2. Sindhu Sareen (Ed.)
    Potassium (K+) is the most abundant cation that plays a crucial role in various cellular processes in plants. Plants have developed an efficient mechanism for the acquisition of K+ when grown in K+ deficient or saline soils. A total of 47 K+ transport gene homologs (27 HAKs, 4 HKTs, 2 KEAs, 9 AKTs, 2 KATs, 2 TPCs, and 1 VDPC) have been identified in Sorghum bicolor. Of 47 homologs, 33 were identified as K+ transporters and the remaining 14 as K+ channels. Chromosome 2 has been found as the hotspot of K+ transporters with 9 genes. Phylogenetic analysis revealed the conservation of sorghum K+ transport genes akin to Oryza sativa. Analysis of regulatory elements indicates the key roles that K+ transport genes play under different biotic and abiotic stress conditions. Digital expression data of different developmental stages disclosed that expressions were higher in milk, flowering, and tillering stages. Expression levels of the genes SbHAK27 and SbKEA2 were higher during milk, SbHAK17, SbHAK11, SbHAK18, and SbHAK7 during flowering, SbHAK18, SbHAK10, and 23 other gene expressions were elevated during tillering inferring the important role that K+ transport genes play during plant growth and development. Differential transcript expression was observed in different tissuesmore »like root, stem, and leaf under abiotic stresses such as salt, drought, heat, and cold stresses. Collectively, the in-depth genome-wide analysis and differential transcript profiling of K+ transport genes elucidate their role in ion homeostasis and stress tolerance mechanisms.« less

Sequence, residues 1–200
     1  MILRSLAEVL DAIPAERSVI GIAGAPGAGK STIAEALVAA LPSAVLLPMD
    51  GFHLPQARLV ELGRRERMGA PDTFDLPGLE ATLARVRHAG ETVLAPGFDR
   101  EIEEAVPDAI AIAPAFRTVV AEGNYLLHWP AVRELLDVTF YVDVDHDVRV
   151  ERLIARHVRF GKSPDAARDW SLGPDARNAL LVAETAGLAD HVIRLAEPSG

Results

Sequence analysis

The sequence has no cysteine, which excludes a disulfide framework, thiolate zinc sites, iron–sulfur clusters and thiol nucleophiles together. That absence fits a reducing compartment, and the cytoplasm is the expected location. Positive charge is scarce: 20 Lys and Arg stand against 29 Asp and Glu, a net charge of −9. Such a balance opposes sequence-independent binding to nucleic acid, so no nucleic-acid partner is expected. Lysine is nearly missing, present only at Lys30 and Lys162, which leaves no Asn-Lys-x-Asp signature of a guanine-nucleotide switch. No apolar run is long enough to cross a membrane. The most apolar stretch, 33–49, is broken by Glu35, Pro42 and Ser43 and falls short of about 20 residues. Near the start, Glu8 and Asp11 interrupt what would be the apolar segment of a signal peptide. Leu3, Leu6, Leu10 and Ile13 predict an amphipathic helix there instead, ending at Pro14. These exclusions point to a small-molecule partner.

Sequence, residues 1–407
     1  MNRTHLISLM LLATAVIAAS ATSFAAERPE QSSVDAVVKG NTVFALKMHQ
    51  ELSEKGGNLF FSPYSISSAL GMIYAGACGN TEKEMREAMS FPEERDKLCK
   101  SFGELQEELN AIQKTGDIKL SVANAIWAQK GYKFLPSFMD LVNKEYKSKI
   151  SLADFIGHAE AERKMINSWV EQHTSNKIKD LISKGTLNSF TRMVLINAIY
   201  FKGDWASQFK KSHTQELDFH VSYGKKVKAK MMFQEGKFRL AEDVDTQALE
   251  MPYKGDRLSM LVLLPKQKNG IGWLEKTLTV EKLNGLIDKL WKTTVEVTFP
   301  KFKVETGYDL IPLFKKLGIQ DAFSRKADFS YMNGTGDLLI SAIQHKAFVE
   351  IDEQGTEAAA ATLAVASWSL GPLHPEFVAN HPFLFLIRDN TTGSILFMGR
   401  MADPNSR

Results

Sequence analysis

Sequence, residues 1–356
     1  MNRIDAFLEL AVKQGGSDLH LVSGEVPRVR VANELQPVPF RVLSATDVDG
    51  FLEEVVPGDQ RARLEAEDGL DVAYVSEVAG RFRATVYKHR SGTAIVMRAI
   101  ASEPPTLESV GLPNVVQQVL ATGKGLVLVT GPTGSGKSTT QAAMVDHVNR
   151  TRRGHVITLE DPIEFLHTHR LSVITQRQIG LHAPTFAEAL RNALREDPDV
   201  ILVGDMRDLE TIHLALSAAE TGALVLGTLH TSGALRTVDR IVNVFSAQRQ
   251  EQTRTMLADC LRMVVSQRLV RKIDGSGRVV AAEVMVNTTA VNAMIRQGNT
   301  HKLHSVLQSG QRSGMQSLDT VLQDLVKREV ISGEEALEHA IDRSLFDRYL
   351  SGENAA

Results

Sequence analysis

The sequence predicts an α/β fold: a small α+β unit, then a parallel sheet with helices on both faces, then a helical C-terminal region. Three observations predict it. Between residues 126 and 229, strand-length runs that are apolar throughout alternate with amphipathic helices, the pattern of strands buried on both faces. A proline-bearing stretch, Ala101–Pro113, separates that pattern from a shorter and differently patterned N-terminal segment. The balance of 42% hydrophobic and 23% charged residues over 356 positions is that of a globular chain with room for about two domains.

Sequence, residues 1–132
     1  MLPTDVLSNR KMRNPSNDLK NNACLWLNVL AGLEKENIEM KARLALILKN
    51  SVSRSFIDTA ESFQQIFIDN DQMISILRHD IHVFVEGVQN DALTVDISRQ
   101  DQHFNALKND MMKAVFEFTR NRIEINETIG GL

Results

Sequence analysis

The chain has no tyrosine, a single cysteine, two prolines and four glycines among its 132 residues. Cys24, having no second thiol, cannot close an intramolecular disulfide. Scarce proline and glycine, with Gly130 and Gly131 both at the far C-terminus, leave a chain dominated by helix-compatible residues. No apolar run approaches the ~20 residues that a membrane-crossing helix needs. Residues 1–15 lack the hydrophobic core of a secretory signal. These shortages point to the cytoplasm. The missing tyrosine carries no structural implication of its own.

3. Abstract Fluoride is everywhere in the environment, yet it is toxic to living things. How biological organisms detoxify fluoride has been unknown until recently. Fluoride-specific ion transporters in both prokaryotes (Fluoride channel; Fluc) and fungi (Fluoride Exporter; FEX) efficiently export fluoride to the extracellular environment. FEX homologs have been identified throughout the plant kingdom. Understanding the function of FEX in a multicellular organism will reveal valuable knowledge about reducing toxic effects caused by fluoride. Here, we demonstrate the conserved role of plant FEX (FLUORIDE EXPORTER) in conferring fluoride tolerance. Plant FEX facilitates the efflux of toxic fluoride ions from yeast cells and is required for fluoride tolerance in plants. A CRISPR/Cas9-generated mutation in Arabidopsis thaliana FEX renders the plant vulnerable to low concentrations (100-µM) of fluoride at every stage of development. Pollen is particularly affected, failing to develop even at extremely low levels of fluoride in the growth medium. The action of the FEX membrane transport protein is the major fluoride defense mechanism in plants.